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Torts II
Elon University School of Law
Katz, Howard E.

Katz Torts II Spring 2013 Outline
Friday, January 04, 2013
3:20 PM
1.   Nonfeasance
·         General Rule of Nonfeasance
o    Under common law there is no general duty to help others, aid others, protect others from harms that the defendant themselves did not cause
·         In a lot of these cases there are a lot of situations where defendant was in a position to do something (even though they didn’t cause the problem) with a low burden
o    Will be looking for exceptions in our cases
5 Exceptions of Nonfeasance
1.      Helped cause (the peril)
2.      Statute
3.      Undertaking and worse off
4.      Prior Relationship between the plaintiff and defendant
5.      Prior relationship between defendant (“bad guy”)
6.      Joint venture (Katz's special)
·         Remember nonfeasance and all the exceptions only relate to the negligence element of duty
·         Helped Cause
o    If they helped cause the peril then they have a duty to go back and help
·         They have to act negligently or innocently
·         Have to prove incitement
·         Just because you know something bad will happen can't turn nonfeasance to misfeasance (a non duty to a duty)
o    Reminds us of drowning person hypo from last class
·         High foreseeability can't create duty by itself
·         If you start helping someone and then stop are you liable for harm?
o    Have to think if you had done nothing at all would they be worse off than if you had started to rescue them
o    In this situation the undertaking to help it makes the victim worse off than if they hadn't tried to rescue at all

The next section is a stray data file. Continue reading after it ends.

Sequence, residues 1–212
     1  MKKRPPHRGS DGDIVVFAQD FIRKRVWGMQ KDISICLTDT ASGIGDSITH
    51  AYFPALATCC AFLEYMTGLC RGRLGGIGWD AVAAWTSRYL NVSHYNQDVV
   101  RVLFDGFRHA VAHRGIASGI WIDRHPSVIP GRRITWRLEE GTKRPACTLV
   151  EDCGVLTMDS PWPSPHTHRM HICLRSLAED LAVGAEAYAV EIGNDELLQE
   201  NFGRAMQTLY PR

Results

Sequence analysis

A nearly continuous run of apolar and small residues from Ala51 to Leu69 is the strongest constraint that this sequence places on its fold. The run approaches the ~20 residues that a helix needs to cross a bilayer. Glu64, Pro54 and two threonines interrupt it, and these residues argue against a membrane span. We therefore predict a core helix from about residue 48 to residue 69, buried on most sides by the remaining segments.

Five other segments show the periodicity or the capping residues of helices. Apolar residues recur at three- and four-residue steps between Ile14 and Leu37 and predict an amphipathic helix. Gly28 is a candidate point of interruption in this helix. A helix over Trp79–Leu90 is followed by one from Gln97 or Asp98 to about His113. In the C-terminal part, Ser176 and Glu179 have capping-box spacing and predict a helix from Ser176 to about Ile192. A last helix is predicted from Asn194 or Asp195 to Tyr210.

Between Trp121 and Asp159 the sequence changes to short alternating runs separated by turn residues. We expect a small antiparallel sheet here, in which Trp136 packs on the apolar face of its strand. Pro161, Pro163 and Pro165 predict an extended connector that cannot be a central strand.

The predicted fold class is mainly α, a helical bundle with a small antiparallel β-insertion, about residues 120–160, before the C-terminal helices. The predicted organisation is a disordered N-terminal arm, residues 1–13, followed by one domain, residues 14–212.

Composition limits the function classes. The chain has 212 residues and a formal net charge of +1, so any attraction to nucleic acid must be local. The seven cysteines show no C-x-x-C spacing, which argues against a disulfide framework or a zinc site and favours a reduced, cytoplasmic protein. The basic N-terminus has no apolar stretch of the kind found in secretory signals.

From a Case:
o   Can't just say they caused it by putting the kid back with the father because that is the status quo
·         We have to find that they did something to make the situation worse
·         Negligent Entrustment Doctrine
o    Someone who is in control of a chattel and entrusts it to another when they know or should know it will be used in a dangerous way – they can be liable
·         What scenarios would this fit:
§  Giving a child a loaded gun
§  Letting a drunk person borrow your car
·         Where would we put negligent entrustment in our nonfeasance framework?
o    You helped cause the problem – you moved the situation along
·         Limits on how this applies
·         Even if you do fit it under subcategory of helped cause it doesn’t mean plaintiffs will automatically win
·         If there is an applicable statute that requires people in certain situations to
·         Said if statutes and laws make things illegal then over time it will change people's attitudes
o    Said this happened with Civil Rights and is now happening with gun control
o    So statutes affect our expectations
                 Undertook and Worse Off
o    they begin to do something or attempt to give aid and the plaintiff is worse off
o    If they start to take care of her then they can't injure her (or that will be misfeasance) or that would be negligent
o    They actively prevent other people from helping her
·         If you start helping someone and then stop are you liable for harm?
o    Have to think if you had done nothing at all would they be worse

se in fact is serious problem in many nonfeasance cases
o    But if they find duty then courts presume favor for plaintiff for cause in fact element
                 Contract and Duty
H.R. Moch Co. V. Rensellaer Water Co.  (deals with the contract (promise) creating the duty)
·         Facts
o    Water company made contract with city of Rensselaer for supply of water for term of years
o    Also to be furnished to residents at reasonable rates
o    Fire broke out and water Co. was notified of fire but didn’t supply adequate quantity and pressure of water to extinguish fire
o    Plaintiff who suffered damage sued because defendant failed to fulfill its contractual obligations with the city – which led to damage of plaintiff
·         What is argument for liability against the water company?
o    No traditional prior relationship here
·         But they promised to deliver water to city and we could argue that people in the city were 3rd party beneficiaries and therefore had rights under the contract
·         So it was for their benefit
·         Even if they could sue does this mean they took on risk of houses burning down or just if there was breach in contract and you had to go to other water supplier? – probably the latter